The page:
Zelensky: World War III May Have Already Started

Zelensky: World War III May Have Already Started
Ukrainian President Volodymyr Zelenskyy speaks in Kyiv, Ukraine, on March 15, 2022. (Ukrainian Presidential Press Office via AP)
Jack Phillips

Ukrainian President Volodymyr Zelensky said on March 16 that World War III may have already started amid the Russia–Ukraine conflict.

When asked by NBC anchor Lester Holt about whether he believes a third world war has started, Zelensky responded, "Nobody knows."

"Nobody knows whether [World War III] may have already started," Zelensky told Holt, without elaborating. "And what is the possibility of this war if Ukraine will fall? It's very hard to say.

"We've seen this 80 years ago when the Second World War had started. ... Nobody would be able to predict when the full-scale war would start," Zelensky said, claiming that the current conflict puts the "whole civilization at stake."

The invocation of World War III has become increasingly common since the start of the Feb. 24 invasion, by both Russia and the West. Last week, President Joe Biden warned that getting directly involved in the current conflict by either enforcing a no-fly zone or sending troops to Ukraine would escalate the conflict between NATO and Russia.

"We will not fight a war against Russia in Ukraine. Direct conflict between NATO and Russia is World War III, something we must strive to prevent," Biden said in public comments on March 11.

Russian Foreign Minister Sergei Lavrov said days before that a third world war would be "nuclear and destructive." While both the United States and Russia possess vast quantities of nuclear weapons with numerous different delivery methods, both generally adhere to the nuclear military doctrine of "mutually assured destruction."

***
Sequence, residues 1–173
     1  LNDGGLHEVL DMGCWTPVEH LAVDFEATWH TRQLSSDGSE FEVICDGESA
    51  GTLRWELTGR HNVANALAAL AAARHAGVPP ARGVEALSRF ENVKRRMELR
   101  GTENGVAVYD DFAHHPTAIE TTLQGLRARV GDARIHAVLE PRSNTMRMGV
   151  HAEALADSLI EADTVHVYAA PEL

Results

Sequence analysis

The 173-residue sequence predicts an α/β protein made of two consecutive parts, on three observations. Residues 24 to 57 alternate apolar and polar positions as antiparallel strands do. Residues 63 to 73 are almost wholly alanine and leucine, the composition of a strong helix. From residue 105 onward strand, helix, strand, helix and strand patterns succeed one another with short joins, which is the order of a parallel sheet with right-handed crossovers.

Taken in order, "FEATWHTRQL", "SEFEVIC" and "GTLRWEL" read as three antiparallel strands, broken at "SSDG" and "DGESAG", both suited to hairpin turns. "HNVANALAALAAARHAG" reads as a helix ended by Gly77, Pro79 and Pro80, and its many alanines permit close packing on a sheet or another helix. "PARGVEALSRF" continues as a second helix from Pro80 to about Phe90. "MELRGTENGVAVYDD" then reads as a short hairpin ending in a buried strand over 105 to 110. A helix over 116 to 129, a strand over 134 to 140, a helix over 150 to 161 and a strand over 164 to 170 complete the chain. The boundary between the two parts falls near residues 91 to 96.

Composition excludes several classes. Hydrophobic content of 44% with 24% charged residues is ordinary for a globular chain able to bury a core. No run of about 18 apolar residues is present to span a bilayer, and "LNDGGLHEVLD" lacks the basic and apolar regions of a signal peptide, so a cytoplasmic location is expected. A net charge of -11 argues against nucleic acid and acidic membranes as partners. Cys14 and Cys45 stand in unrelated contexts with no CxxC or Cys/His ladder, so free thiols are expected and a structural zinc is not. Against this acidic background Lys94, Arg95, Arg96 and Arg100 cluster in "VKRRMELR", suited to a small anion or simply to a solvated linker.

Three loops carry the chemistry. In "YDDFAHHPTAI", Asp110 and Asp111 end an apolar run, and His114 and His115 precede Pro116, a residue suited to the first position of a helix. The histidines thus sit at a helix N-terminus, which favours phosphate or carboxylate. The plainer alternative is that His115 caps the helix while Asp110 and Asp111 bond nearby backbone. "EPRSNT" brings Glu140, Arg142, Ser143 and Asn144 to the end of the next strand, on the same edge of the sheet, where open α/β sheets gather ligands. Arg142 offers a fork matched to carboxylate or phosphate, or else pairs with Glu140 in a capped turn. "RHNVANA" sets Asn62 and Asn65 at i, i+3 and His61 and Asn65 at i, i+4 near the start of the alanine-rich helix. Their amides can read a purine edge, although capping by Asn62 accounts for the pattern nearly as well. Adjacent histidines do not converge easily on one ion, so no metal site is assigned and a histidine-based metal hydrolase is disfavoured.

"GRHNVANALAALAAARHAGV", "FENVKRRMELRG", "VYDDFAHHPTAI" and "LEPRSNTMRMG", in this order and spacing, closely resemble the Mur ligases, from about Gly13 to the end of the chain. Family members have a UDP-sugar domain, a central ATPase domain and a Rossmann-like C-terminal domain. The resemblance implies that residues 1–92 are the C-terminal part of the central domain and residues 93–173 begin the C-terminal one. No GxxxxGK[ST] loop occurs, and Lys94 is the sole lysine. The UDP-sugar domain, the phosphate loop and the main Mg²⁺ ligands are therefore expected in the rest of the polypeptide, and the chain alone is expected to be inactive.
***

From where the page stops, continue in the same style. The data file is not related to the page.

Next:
Earlier on March 16, in a speech to Congress, Zelensky called on the United States to provide fighter planes, surface-to-air missiles, and enforce a no-fly zone. White House officials reiterated that there are no plans to create a no-fly zone over Ukraine.

White House press secretary Jen Psaki told reporters on March 16 that the Biden administration has determined that there's "not a difference" between a no-fly zone that would shut down all airspace over Ukraine and a so-called humanitarian no-fly zone. Both could escalate the conflict with Russia, she said.

Psaki also cited a Pentagon assessment that found that allowing for the transfer of fighter jets to Ukraine could also be viewed by Russia as an escalation. Previously, there was confusion after Polish government officials announced earlier in March that they would send MiG-29 planes to a U.S. air base in Germany to be transferred to Ukraine, a plan that the Pentagon rejected.

About 3 million people have fled Ukraine since the conflict started, according to United Nations officials. Ukrainian authorities, meanwhile, estimate that thousands of people have died so far.

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